Thursday, February 9, 2006

Marshall County adds federal home program
• January tax collections set record

Staff Writer

Some elderly and low-income residents in Marshall County, who are eligible, may get to replace their dilapidated old houses with new homes at no cost.

The board of supervisors passed motions Monday to get the federal block grant home building program in Marshall County at no cost to tax payers locally.

The old homes are razed and a new one is built on the old site under what is called a “footprint replacement.” The size of the new home is contingent on the number of people living in the house at the time of application and can be two bedrooms and one bath, up to four bedrooms and two baths.

The Housing and Urban Development money funded through the Mississippi Development Authority has strict guidelines for eligibility and rating of applications, according to Bill Coker, with Coker Consultants, who recently completed three new homes in Lafayette County. Two of the homes are located on Highway 7 South just past the Tallahatchie River bridge.

To be eligible to apply for a new home grant, the homeowner must live in their old house or mobile home, have title to their property, be able to live elsewhere while the old home is destroyed and the new one is built, and meet the low-income requirements.

Homeowners or their heirs must agree to keep the home and not sell or rent it out for 10 years. If they do, the proceeds from the sale go back to the county to redistribute into other programs, Coker said.

Sites are sought where substandard housing exists, he said. Coker will locate the qualified sites and supervisors have no direct input in to which district or location is picked for the first new homes.

Tax collections strong

In other business, tax collector Betty Byrd reported record tax collections for the month of January 2006 with $6.6 million coming in.

“It is the biggest collection in the history of Marshall County,” she said.

The breakdown shows the collector’s office handled 10,285 transactions in January, averaging 514 transactions and $332,000 per day. Of the total, $4.4 million is money that stays in Marshall County, Byrd said.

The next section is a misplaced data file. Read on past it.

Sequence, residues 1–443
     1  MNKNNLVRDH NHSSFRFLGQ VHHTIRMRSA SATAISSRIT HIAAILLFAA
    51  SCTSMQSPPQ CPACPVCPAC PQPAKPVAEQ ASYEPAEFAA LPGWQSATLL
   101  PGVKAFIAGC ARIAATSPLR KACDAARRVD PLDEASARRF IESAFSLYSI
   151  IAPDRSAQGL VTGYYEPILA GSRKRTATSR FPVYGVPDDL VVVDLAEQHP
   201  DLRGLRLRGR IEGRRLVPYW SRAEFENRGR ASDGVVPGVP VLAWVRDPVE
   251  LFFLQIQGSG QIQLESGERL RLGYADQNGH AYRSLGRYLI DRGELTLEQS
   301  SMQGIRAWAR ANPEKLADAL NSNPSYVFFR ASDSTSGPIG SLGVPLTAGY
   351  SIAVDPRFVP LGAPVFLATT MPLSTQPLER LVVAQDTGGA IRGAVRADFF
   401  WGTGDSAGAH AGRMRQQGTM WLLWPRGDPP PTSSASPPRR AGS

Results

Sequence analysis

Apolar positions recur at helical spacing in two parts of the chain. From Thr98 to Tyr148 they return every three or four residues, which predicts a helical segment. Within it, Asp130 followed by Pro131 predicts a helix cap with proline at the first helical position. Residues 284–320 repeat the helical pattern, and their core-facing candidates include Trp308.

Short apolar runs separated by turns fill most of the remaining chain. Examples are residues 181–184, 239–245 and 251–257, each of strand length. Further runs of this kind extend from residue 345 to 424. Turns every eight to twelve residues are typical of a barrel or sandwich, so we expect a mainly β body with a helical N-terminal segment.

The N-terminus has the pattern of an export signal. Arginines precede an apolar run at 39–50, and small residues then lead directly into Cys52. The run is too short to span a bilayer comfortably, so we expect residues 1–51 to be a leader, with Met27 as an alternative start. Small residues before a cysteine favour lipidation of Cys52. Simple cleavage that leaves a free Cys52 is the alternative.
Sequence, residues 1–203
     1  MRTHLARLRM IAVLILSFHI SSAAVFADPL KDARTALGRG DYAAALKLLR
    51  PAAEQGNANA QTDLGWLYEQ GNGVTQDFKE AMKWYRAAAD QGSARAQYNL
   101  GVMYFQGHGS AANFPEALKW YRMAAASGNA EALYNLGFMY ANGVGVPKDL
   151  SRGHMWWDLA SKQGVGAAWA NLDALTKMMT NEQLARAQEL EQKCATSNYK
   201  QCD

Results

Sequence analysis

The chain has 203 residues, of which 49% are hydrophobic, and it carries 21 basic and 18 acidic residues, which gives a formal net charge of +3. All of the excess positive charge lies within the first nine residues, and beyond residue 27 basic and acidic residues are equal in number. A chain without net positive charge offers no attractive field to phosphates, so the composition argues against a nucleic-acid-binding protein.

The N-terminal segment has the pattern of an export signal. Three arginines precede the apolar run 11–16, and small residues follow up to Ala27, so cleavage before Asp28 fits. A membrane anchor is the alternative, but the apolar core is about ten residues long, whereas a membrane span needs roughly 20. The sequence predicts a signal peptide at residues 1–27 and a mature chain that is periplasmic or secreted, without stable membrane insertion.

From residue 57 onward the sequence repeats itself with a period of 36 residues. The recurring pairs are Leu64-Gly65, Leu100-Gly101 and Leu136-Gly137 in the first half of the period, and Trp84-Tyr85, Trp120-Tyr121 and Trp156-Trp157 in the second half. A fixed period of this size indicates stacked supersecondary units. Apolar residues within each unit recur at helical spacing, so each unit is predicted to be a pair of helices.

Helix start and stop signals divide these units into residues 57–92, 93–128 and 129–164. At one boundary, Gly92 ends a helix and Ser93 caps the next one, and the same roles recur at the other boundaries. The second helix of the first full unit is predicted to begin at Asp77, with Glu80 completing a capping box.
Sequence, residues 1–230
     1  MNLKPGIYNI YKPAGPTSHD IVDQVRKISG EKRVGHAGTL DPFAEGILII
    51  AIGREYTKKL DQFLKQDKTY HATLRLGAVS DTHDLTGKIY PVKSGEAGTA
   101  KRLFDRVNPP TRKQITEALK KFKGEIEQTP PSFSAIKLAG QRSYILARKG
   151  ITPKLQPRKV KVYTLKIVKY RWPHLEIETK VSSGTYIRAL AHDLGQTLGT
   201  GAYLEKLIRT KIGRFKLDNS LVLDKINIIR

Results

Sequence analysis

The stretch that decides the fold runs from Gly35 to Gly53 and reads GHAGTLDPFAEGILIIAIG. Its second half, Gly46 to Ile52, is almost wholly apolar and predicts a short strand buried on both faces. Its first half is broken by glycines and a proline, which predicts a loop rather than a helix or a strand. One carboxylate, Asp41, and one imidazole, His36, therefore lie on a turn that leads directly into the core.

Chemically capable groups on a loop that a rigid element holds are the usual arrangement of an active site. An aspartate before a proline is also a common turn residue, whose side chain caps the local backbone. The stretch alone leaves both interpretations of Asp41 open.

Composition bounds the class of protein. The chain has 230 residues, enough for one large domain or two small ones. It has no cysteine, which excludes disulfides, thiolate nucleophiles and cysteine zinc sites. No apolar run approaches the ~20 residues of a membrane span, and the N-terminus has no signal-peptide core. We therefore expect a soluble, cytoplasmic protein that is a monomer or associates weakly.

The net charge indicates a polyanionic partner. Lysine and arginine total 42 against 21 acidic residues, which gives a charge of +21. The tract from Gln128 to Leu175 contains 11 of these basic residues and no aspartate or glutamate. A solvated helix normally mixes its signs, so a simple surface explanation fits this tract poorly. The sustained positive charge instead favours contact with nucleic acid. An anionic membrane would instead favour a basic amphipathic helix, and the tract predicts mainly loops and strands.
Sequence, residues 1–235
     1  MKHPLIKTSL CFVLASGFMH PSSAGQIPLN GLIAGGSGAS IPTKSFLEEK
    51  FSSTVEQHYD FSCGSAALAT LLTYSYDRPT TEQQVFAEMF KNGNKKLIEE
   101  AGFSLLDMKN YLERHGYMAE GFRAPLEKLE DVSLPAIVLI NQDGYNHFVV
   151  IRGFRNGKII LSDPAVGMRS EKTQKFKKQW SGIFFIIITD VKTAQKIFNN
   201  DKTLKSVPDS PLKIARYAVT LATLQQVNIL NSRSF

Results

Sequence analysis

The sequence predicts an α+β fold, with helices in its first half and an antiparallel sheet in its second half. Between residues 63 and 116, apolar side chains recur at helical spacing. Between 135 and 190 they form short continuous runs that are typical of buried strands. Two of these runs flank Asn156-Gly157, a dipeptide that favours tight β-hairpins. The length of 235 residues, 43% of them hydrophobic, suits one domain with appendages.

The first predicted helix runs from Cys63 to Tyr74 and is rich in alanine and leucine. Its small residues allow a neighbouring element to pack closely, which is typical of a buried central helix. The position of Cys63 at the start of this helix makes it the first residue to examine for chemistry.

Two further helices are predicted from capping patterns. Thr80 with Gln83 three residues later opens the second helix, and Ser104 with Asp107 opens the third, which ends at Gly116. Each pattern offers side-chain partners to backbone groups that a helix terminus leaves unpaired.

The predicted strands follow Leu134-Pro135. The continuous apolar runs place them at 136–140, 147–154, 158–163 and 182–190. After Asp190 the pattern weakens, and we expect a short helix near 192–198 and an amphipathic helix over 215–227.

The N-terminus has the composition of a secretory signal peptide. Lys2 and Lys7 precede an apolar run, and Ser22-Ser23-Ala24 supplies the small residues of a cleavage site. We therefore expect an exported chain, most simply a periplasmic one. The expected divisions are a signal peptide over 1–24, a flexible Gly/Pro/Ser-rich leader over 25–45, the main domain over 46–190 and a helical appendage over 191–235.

Legislative news

Board consultant Gary Anderson reported on legislative matters and said revenues and appropriations bills are on the table for action until February 22.

Low-income housing owners tax break legislation is still alive in the House of Representatives, he said. Anderson is still working along with Rep. Kelvin Buck to find funding for an alcohol and drug recovery facility for Marshall County. Anderson asked for, and the board approved, a resolution expressing interest in the A & D Recovery facility.

Insurance proposal

The board heard a proposal by representatives with Guardian insurance, seeking approval to sell vision insurance in exchange for the representatives setting up a cafeteria plan for the county. The plan is allowed by the IRS as a pretax accounting procedure where most insurance premium payments are deducted from an employee’s gross pay before taxes are computed. The Cafeteria Plan enables many employees to bring home bigger checks and the employer to save money, too. The board approved the arrangement with Guardian following a motion by supervisor Ronnie Joe Bennett.

Free spay clinic

Representatives with Marshall County Humane Society met with the board to announce a free spay/neuter clinic for low-income pet owners set for February 18-19. Spay/neutering of 80 animals, to include 30 female dogs, is planned.

To qualify for the free services, pet owners must have proof of income. Only those with annual incomes below $15,000 are eligible. For further information call 1-662-838-6753. There are still a few slots unscheduled and the Society will enroll backups clients in case some owners with appointments do not show up.

The spay/neutering work is will be done by Rural Area Veterinarian Services and students training to become veterinarians.

Industrial development news

Del Stover reported on Marshall County Industrial Authority business. He said a four-way stop has been approved at Cayce Road and Highway 302 and a red light at Highway 72 and Cayce Road. Supervisors discussed the need for signage on Goodman to direct truck drivers to the new Exel facility on Wingo Road.

A predesign meeting is scheduled for engineering of Mt. Carmel Road construction. County Administrator Larry Hall reported that not much work is left in clearing and grubbing on Mt. Carmel Road to get it ready for widening and paving.

Stover reported the airport has received Federal Aviation Administration (FAA) approval for $171,000 to fence the west side of the airport and clear trees from the south end. Mississippi Department of Transportation and IDA will pay the 10 percent match in equal shares as in past arrangements, Stover said.

The runway lighting and landing lights are about to be installed. And IDA and the airport authority are submitting another grant application to FAA for new projects, which Stover said would continue to be awarded to the tune of $150,000 annually as long as projects are getting done.

Stover notified supervisors that IDA has nine good prospects looking at sites in Byhalia, Holly Springs and Chickasaw Trails Industrial Park. The sewer project at Chickasaw is laid and ready to put into operation, he said.

Other business

In other business, Hall asked for, and the board approved, a payment of $21,499 to the contractor to close out the books on the museum restoration project. Supervisors approved a board order for county workers to divert water to correct drainage problems at Mary Lane.

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